A Learning Platform for Digital Natives
Problem to Solve
Robust learning management systems have been around for over a decade. Most college instructors find the learning curve for delivering and administering an online or blended course pretty high. Students get lost in the maze of homework to navigate, and passive learners can easily disengage if they lack self-motivation.
From the business perspective, university students have become savvy consumers and most frequently opt to purchase used books. Higher education publishers have recognized that to stay competitive in the market, digital innovation is a necessity.
At Cengage Learning, we built a brand new product from the ground up, and the custom UI framework was iteratively built over time. Our design team needed to be closely aligned as patterns were created and altered every day.
It was essential that the platform be usable and enjoyable on tablets as well as laptops. We needed to plan for integrating content from a number of sources: our new ebook readers, third party apps, the internet, and legacy assessment engines currently in use.
An early version of working code gave us an agile way to test our assumptions with end users on an iterative basis. Central to the vision was the interplay between assignments and apps. The interface should focus attention on the activity, with tools secondary to minimize distraction. We designed an interaction model that used 3 designated panels to display activities, the learning path or course syllabus, and a collection of apps that could be accessed while working on an assignment. The panels animated as they opened or closed, anchored to their respective edges of the screen.
The Learning Path went through a number of design iterations. We explored and tested multiple ways to structure and sequence the activities without losing a sense of place. We purposefully constrained the organization of course content to 3 levels to keep the navigation simple to use without getting lost. Affordances were provided for instructors to edit the activities, and metadata for students to track their progress and performance.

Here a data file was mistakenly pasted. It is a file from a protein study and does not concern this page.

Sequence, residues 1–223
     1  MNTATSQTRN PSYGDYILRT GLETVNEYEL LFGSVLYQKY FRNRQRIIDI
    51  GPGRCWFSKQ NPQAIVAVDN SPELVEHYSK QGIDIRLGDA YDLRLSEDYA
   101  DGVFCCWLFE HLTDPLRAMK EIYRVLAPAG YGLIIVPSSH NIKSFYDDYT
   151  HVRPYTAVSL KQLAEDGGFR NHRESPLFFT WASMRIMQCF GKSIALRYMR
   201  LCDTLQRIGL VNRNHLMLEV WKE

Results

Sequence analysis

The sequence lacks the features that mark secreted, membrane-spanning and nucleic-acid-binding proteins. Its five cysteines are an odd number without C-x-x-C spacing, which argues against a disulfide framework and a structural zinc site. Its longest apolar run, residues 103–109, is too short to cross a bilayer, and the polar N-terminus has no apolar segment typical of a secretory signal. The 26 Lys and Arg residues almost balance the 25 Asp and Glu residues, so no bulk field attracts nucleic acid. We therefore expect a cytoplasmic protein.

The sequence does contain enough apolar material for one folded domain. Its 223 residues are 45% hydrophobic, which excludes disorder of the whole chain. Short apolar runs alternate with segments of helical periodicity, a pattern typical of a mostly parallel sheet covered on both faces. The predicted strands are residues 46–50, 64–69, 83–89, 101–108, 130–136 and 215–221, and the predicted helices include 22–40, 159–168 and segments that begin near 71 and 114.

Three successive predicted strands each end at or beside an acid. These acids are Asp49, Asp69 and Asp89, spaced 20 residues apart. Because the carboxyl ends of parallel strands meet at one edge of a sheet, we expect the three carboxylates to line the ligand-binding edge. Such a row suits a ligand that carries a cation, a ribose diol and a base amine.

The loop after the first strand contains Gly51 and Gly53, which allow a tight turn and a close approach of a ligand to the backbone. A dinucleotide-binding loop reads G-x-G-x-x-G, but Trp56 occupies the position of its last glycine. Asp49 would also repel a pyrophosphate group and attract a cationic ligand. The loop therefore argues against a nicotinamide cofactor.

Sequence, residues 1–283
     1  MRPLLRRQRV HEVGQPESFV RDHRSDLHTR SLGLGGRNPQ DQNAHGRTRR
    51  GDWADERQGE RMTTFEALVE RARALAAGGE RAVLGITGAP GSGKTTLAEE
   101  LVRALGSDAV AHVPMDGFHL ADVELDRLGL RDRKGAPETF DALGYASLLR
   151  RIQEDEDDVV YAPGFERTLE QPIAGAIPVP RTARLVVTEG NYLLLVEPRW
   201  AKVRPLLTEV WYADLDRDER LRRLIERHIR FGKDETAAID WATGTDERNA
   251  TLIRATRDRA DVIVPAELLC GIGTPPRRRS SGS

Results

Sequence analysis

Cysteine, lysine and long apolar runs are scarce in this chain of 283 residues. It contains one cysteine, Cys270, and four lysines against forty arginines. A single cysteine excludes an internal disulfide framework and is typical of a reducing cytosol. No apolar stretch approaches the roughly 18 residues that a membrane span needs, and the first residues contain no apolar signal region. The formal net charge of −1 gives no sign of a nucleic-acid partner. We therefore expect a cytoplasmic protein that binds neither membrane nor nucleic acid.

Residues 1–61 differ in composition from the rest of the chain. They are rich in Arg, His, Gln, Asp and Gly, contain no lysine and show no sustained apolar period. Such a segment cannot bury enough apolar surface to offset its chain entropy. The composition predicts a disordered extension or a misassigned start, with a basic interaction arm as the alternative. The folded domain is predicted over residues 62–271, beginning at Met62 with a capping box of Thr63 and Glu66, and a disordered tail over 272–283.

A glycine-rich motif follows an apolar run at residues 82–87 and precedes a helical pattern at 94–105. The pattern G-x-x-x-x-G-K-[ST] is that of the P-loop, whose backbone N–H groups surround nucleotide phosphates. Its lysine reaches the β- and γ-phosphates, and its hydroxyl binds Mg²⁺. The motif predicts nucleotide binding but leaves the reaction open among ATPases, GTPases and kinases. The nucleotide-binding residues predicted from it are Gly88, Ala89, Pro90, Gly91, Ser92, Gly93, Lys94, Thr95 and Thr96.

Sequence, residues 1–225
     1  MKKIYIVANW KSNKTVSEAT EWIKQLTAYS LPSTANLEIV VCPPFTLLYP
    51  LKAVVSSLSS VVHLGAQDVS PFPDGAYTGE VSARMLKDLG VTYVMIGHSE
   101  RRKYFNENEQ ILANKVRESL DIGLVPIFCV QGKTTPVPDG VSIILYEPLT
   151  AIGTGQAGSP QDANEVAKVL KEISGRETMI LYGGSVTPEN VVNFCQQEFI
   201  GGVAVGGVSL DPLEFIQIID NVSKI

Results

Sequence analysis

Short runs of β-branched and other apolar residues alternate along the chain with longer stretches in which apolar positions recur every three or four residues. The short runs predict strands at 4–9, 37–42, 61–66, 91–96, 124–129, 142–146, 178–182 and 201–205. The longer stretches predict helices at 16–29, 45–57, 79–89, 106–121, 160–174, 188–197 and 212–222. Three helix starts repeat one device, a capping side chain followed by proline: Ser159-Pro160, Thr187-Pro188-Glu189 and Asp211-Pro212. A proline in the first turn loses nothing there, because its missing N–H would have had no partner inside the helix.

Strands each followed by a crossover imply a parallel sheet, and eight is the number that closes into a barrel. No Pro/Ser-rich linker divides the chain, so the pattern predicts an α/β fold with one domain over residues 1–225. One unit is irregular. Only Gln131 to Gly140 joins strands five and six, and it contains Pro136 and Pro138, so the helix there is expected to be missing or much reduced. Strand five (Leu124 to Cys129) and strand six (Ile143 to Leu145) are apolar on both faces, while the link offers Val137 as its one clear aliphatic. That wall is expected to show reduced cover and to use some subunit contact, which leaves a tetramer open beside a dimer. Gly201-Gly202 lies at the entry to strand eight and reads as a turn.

We wanted to provide instructors with a great starting place from which to customize. Instructional designers curated courses to align to our textbooks. Instructors could then modify and add their own content through a variety of apps including Flickr images, YouTube videos, SlideShare presentations, Blogs, RSS feeds, and Google Docs. See MindTap Builder for more details.
The core Mindtap tools and third party apps were accessed less frequently than activities, and usually in context to an activity. Search, highlighter, grade book, full text reader, notebook, glossary, dictionary, and Google Docs among other apps were placed in the vertical menu on the right.
After the initial launch, we iterated on ways to clean up the design of the learning path to include a three-panel dashboard view to focus attention on the current unit and progress to date, while still indicating what’s to come. Notifications inform the student of late assignments and upcoming due dates. We also learned that it was cumbersome to go back to the Learning Path just to move on to the next activity. The proposed solution was to provide visual indicators of progress within the unit, with an expanding menu to move to the next activity with ease.
Wendy Constantine, senior ux designer
Many thanks to the collaborative design efforts of:
— Michael Hairston, ux architect
— Scott Whitmore, ux manager
— Rob Dumas, executive director of ux
— Tim Brown, ux designer